House passes bill that would increase charter schools in W.Va.
By John Raby
CHARLESTON, W.Va. (AP) — The West Virginia House of Delegates on Tuesday passed a bill that would increase the number of public charter schools.
The bill passed on a 66-32 vote with two delegates not voting. All Democrats voted against the bill.
The bill, which now goes to the Senate, would increase the number of charter schools allowed every three years from three to 10. It also would allow for online-only charter schools, among other things.
“We’re a diverse state. We have different geographic regions that have different needs,” said Delegate Joe Ellington, a Mercer County Republican and the bill’s sponsor. “This just gives opportunity. If people don’t want to take advantage of that opportunity, they don’t have to. So it’s strictly voluntary.”Republican Gov. Jim Justice signed a bill in 2019 that allows for the creation of charter schools. The signing came after a gridlocked special legislative session on education that drew heavy protests from public school teachers.
Educators and Democrats argued that the move to install charters was driven by outside interests that will steer money away from public schools.
“What we’re not doing today is listening to our constituents,” said Delegate Sean Hornbuckle, a Cabell County Democrat. “Across the state, there’s not a groundswell of constituents that have clamored for charter schools.”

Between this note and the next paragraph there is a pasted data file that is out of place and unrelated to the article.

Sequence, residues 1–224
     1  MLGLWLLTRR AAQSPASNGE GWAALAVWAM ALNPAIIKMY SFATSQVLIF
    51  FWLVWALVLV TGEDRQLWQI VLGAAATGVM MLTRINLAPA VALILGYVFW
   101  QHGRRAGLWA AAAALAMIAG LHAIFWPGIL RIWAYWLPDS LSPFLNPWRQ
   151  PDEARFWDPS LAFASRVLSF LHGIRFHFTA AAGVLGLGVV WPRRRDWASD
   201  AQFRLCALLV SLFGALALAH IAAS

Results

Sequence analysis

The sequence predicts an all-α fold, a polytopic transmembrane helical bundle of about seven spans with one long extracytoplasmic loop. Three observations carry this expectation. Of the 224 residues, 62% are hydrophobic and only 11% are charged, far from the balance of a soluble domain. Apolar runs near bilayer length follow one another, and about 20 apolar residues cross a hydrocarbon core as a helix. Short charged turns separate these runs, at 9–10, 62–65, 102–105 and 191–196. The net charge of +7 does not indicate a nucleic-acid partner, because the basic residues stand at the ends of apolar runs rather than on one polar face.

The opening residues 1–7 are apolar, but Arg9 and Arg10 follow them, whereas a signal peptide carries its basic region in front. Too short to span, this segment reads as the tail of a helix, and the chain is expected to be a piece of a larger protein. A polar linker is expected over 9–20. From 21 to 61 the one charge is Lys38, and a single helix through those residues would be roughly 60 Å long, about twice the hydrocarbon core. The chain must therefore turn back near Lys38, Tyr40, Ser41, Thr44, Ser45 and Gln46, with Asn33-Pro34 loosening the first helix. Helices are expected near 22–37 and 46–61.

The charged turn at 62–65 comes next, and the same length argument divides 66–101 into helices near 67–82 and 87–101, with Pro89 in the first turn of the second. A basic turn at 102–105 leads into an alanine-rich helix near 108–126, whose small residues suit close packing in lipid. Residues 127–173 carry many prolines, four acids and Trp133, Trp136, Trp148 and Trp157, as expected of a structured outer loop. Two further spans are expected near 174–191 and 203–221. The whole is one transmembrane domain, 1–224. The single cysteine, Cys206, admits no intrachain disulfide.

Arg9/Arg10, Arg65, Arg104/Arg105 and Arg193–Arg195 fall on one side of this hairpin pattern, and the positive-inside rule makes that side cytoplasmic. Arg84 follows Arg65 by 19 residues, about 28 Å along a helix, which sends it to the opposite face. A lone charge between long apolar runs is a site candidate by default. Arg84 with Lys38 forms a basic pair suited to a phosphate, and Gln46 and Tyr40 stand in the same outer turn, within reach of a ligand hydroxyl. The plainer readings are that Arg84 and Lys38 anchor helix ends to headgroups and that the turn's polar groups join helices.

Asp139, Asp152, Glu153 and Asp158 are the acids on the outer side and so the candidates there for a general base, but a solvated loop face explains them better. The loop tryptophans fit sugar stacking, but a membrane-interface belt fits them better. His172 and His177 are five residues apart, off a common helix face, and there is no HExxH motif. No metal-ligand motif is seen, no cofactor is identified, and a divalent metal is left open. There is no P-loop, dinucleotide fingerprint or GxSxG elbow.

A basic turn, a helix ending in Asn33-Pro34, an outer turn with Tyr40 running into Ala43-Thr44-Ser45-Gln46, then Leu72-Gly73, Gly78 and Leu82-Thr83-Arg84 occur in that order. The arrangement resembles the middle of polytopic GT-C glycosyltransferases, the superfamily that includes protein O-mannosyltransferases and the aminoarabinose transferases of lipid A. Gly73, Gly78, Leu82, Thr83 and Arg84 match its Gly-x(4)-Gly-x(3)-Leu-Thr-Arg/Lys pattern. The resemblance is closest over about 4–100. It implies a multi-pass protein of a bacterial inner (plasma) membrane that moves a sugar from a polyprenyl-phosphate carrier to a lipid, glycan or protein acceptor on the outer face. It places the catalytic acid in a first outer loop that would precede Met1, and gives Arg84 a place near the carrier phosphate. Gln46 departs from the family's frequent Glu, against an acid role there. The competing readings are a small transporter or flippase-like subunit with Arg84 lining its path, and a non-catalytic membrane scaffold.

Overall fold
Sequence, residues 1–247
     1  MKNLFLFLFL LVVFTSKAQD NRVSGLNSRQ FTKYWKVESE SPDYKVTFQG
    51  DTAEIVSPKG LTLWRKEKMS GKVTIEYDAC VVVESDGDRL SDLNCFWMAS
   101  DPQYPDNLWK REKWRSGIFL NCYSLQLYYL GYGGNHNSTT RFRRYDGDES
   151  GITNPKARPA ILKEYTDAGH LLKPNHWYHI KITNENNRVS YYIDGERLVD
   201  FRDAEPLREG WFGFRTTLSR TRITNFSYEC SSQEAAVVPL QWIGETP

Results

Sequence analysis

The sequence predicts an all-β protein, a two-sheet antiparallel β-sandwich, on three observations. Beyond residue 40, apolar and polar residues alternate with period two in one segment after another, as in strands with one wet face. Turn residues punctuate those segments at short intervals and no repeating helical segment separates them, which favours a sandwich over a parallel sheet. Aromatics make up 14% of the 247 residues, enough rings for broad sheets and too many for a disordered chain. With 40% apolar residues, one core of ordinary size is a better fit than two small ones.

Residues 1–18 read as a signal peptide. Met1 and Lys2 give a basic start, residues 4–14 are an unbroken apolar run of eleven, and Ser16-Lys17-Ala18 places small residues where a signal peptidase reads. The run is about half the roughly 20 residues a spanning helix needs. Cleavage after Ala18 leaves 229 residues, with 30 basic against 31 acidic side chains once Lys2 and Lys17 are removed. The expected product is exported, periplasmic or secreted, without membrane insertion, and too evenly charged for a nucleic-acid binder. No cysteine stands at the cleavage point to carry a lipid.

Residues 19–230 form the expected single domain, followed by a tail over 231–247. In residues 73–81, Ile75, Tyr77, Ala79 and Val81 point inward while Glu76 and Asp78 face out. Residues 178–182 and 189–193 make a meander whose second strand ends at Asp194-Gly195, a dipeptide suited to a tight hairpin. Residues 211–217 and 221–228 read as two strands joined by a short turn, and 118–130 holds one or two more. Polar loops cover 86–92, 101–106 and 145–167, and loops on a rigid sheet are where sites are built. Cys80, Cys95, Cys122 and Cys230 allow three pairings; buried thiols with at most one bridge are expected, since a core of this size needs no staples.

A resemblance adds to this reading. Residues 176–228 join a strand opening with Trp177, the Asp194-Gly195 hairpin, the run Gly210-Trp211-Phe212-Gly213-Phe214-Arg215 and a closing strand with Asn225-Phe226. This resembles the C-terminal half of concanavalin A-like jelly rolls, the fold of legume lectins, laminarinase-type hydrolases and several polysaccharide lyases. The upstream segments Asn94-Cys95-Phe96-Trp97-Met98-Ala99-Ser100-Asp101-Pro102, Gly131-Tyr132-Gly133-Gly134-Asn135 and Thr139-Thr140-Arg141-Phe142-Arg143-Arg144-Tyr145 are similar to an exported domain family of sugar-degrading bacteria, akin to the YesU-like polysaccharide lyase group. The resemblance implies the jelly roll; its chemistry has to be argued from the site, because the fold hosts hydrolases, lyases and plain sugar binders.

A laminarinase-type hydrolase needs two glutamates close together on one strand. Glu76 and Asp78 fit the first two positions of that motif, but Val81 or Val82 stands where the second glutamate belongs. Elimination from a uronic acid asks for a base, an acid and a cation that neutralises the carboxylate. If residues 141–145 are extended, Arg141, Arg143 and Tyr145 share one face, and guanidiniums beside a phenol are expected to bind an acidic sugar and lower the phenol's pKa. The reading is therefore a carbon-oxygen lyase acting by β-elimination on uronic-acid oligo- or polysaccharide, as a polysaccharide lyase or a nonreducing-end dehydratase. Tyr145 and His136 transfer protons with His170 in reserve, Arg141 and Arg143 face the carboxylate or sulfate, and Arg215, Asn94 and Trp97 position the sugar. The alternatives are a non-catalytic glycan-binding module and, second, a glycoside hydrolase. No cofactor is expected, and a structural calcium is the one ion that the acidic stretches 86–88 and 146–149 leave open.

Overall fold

Currently there are no charter schools in West Virginia and one application has been submitted so far. In December, the boards of education in Monongalia and Preston counties rejected an application for a charter school by the West Virginia Academy. The academy is suing the state Department of Education over the decision.
“I can’t help wonder how wonderful our public schools would be if we were to put the same amount of enthusiasm into them as we are in creating this charter school (bill),” said Delegate Ed Evans, a McDowell County Democrat.
The House also passed a separate bill that would establish investment accounts for vocational and trade students similar to college savings accounts. It now moves to the Senate.